vanity, fair to middling

Yesterday I went to the dermatologist for my annual checkup. It was only my second visit to this dermatologist, an exacting fellow with an Irish name and unnaturally smooth hands. “What are you here for?” he asked. I told him I wanted him to see if any of my freckles or beauty marks looked worrisome. I've got fair Anglo-Irish skin. “And oh,” I said, “I’ve got this thing on my scalp that will not heal.” I thought it might be cancer. I always have a cancer scare going. The last time I saw this doctor, I was worried about a growth on my thigh.

I parted my hair for his unnaturally smooth hands. “I know what that is,” he told me. He said a word I never thought would be attached to me: psoriasis. I emitted a sound – I don’t think it was a proper word. “The heartbreak,” he joked. He told me he'd give me drops to apply every night. He assured me if it spread there were things we could do. All I could think of was this wonderful young man who works at a hot springs and who claims the soaks help his psoriasis. I did not think my case would come to that.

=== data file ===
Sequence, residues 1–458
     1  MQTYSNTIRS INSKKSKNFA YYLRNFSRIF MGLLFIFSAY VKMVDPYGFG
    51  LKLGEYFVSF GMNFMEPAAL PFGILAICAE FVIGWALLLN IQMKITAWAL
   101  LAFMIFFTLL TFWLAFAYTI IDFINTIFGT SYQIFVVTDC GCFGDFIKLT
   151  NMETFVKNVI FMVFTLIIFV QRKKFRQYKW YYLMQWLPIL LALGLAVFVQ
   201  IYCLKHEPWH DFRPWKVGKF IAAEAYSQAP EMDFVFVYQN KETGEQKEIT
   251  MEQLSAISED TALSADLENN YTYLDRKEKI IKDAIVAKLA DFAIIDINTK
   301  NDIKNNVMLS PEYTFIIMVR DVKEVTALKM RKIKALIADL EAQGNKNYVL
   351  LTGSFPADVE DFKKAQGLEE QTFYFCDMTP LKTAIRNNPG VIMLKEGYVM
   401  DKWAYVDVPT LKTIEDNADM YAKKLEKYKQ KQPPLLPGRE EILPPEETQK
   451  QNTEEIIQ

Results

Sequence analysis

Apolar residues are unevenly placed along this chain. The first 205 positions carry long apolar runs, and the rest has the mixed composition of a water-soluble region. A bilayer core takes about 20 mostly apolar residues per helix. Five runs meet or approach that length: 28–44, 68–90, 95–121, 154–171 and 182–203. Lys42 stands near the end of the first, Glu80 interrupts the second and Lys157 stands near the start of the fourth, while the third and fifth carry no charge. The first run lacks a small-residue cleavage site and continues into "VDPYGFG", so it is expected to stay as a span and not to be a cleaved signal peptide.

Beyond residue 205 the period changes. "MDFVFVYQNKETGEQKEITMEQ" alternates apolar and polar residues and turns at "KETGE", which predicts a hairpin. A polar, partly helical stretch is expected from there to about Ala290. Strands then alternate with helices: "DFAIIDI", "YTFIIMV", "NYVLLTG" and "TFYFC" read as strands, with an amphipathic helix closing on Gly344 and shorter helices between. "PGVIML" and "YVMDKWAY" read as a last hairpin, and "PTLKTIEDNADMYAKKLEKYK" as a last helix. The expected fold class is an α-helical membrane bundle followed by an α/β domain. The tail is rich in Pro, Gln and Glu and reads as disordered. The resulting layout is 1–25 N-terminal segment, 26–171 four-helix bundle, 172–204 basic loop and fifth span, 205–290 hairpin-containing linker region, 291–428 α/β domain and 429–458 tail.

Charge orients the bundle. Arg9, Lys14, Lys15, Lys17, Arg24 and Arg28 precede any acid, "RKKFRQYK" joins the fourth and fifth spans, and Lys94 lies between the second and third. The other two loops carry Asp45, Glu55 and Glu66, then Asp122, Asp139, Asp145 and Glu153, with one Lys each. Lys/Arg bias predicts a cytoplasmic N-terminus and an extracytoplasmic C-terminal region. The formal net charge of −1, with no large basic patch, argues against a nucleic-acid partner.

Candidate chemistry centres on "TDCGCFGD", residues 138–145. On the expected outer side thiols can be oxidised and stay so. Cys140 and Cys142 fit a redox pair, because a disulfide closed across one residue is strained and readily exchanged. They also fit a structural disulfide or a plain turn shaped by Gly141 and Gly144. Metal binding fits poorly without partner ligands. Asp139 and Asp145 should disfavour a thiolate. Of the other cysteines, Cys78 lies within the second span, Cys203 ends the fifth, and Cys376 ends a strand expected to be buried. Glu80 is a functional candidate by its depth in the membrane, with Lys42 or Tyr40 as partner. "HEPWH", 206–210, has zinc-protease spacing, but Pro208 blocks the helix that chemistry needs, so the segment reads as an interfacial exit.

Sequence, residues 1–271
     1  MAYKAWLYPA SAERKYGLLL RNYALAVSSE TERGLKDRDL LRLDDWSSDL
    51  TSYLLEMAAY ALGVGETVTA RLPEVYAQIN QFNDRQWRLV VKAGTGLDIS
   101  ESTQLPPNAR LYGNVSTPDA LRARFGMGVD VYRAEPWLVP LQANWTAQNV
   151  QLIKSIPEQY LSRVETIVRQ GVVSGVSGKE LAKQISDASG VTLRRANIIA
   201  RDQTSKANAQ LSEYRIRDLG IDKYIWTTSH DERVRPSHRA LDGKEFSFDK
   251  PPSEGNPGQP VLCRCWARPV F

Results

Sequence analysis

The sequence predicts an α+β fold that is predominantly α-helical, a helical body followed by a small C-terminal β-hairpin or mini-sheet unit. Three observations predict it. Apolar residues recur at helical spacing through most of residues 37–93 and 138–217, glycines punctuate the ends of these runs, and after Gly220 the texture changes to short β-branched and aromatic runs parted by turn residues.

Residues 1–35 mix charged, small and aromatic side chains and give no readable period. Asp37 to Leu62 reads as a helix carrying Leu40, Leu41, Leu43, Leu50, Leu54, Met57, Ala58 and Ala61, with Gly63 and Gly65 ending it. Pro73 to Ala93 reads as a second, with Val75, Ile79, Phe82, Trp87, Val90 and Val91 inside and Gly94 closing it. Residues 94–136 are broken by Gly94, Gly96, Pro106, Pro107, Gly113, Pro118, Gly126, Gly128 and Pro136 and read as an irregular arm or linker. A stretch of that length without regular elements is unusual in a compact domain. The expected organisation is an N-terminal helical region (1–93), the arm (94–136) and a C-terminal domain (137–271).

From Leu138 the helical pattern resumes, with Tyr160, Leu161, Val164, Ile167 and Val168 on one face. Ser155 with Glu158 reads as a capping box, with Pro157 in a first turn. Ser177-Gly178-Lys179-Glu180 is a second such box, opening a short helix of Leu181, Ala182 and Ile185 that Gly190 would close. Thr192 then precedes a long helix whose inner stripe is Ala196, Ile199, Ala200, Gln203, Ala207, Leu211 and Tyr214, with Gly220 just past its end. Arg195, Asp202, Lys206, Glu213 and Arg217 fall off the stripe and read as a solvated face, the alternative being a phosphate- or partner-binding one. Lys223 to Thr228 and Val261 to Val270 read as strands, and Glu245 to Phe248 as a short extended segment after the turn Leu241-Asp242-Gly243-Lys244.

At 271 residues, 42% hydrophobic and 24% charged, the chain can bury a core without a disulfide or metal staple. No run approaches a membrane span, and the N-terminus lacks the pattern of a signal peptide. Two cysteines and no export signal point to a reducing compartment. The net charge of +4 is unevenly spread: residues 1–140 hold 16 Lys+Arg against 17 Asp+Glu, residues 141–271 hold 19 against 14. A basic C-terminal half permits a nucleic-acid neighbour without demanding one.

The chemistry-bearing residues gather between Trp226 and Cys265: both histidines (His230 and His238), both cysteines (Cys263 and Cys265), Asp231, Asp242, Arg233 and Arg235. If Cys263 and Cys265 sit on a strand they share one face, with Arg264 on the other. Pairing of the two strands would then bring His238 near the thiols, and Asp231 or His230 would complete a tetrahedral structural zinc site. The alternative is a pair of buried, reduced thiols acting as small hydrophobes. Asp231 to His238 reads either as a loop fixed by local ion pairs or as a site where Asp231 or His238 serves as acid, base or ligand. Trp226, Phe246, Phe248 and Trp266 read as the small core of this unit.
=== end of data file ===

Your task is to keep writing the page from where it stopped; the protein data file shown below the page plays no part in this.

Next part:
I noticed a stash of pamphlets for Botox sitting on a counter in the examing room. “Are you interested?” he asked. No, no, no. I told him I was too busy for vanity. “Vanity’s a bad word for a good thing,” he observed. “What I meant” I replied – always complain, always explain, that’s my motto -- “was that I am too busy to get around to doing plenty of things, not that vanity is a bad thing.” If I had time, I would indulge my vanity, which would be a good thing.

Coincidently, last night I discovered a Botox-related sweeps, for a trip to New York. It comes with a consultation, not a treatment. To enter, click HERE.